Here at Polymer Solutions, details matter. Our love of great science and highly varied testing services could never exist without a keen eye for details. Often, the smallest–and seemingly simple– differences can result in far-reaching changes between two substances. For instance, two substances that sound very similar in prefix and ending can be widely different and useful in very different applications.
A great example is the distinction between silicon and silicone. From their chemical makeup to everyday applications, these two substances are very important to understand. While they sound similar and are even used in conjunction with each other in certain applications, silicon and silicone perform incredibly different tasks. Today, we’ll explore these two similar-sounding but vastly different substances.
Silicon is a naturally occurring element. It makes up much of the Earth’s Crust and is a metalloid (number 14 on the periodic table) because it has properties of both metals and nonmetals.
Pure silicon is rarely seen in nature. It’s often bound with oxygen to form silica, or silicon dioxide. If you are a beach-goer, you’ve likely felt silica between your toes–as it is a major component of sand. Its abundance makes it a great building material for a variety applications.
On top of its usefulness as a building material, silicon is a semiconductor. A semiconductor has a conductivity that falls between the conductivity of a insulator and that of metals. Under some conditions, a semiconductor will conduct electricity–under other conditions it will not. Silicon is the most common material used in integrated circuits and microchips. Because the conductivity of silicon can be controlled in this way, it’s suitable for these applications.
When you’re thinking of a computer’s circuit board or the startup-mecca in California, you’re thinking of Silicon.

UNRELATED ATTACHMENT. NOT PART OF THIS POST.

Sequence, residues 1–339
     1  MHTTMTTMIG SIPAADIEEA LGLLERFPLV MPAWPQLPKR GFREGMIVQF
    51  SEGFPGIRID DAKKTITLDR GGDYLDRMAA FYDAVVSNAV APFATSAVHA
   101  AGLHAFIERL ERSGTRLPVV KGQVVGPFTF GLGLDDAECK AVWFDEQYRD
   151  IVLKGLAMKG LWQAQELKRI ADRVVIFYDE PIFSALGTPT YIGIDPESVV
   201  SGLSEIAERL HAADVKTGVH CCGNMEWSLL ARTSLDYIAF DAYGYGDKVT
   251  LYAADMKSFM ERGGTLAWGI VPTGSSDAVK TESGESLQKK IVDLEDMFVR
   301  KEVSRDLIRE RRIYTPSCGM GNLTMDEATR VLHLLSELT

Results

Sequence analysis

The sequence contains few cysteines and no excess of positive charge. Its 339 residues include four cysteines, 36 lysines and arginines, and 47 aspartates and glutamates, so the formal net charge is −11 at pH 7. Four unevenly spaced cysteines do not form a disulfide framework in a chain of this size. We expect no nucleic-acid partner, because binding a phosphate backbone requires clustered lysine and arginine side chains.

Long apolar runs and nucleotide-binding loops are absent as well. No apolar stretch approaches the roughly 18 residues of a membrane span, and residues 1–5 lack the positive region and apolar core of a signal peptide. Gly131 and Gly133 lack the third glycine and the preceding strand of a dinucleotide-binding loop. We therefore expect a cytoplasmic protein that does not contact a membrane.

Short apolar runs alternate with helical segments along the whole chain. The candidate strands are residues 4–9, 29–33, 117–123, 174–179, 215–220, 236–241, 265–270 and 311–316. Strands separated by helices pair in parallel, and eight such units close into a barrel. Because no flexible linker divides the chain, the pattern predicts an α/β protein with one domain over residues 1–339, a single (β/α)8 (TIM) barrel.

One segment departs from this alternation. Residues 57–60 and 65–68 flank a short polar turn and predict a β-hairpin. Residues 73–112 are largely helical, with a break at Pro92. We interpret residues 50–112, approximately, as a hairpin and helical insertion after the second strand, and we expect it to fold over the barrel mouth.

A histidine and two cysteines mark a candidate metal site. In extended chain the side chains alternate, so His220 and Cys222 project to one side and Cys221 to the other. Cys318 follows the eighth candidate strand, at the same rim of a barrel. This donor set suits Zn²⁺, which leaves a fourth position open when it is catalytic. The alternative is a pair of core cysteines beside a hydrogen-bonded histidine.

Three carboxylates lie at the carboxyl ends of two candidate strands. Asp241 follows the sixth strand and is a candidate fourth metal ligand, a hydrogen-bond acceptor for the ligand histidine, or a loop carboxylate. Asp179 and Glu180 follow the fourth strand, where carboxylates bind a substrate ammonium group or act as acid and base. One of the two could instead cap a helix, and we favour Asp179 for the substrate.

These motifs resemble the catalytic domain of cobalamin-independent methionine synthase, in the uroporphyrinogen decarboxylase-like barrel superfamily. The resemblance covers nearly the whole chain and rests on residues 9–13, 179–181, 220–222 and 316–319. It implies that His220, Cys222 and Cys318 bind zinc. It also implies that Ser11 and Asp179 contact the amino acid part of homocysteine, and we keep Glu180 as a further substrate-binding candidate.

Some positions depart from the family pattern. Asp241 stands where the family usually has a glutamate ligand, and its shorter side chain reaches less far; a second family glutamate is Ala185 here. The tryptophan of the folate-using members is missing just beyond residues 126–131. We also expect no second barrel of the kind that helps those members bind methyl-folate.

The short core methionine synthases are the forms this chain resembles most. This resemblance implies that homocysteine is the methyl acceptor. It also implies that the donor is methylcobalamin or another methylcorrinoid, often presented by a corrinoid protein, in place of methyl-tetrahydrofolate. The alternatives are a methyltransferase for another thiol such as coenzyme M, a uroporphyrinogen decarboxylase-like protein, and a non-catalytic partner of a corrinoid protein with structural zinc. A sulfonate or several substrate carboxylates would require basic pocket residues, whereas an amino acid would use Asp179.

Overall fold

Unlike the element silicon, silicone is a synthetic compound made up of siloxanes. Silicone is made of silicon, oxygen, and other elements like hydrogen and carbon. Silicones (there are many) are silicone-oxygen hydrides and very useful for a wide range of applications.
Silicone has a low toxicity and high heat resistance. This makes it a wonderful compound for use in sealants for watertight containers like fish tanks as well as plumbing pipes.
Different applications require silicone to possess various properties. The molecular weight of a silicone controls its viscosity. A high molecular weight silicone is rubbery while a low molecular weight silicone is an oil. Polydimethylsiloxane (PDMS) is a common silicone commonly used for its water-repelling properties–a main ingredient in products in Rain-X. We also use PDMS here at Polymer Solutions as a viscosity standard in testing.
Silicon and Silicone’s amazing properties are a work of nuance. Our founder, Jim Rancourt, summed it up: “The simple addition of two methyl groups (each being -CH3) converts sand to an oil or rubber material”. Does this seem like a very small distinction? It is–and it makes a big difference.
In fact, we once had a project to determine why a polyurethane plastic plug would not stick to the metal casing of a propelling charge for a military application. We found out that the manufacturer accidentally used silicone coated silica instead of silica itself. The silicone migrated to the surface of the plastic plug, causing the adhesive to fail. While this would be an advantageous property in some applications, it certainly explained this project’s problem! The simple naming difference can be confusing, even for manufacturers.
The molecular difference between silicon and silicone is merely carbon and hydrogen, in addition to silicon and oxygen. Both are important substances for a variety of applications and can be used in the same product: silicon is used in integrated circuits and silicones can be used to seal those same circuits from water damage and heat because of their helpful physical properties.
Small chemical changes have huge impacts on the physical properties of a substance. Silicon– and silicon dioxide– are a major component of sand. With the simple addition of carbon and hydrogen, those same basic elements form silicone, whose properties make it suitable for a whole new and wide range of applications.
These small details inform so much of our work here at Polymer Solutions. We’re often looking for minute differences or discrepancies at a molecular level. Our understanding and attention to those details allow us to develop tests and act an industry leaders in a world of small differences and complex issues. If you’re looking for testing partner that understands those differences at both fundamental and practical levels, contact us today!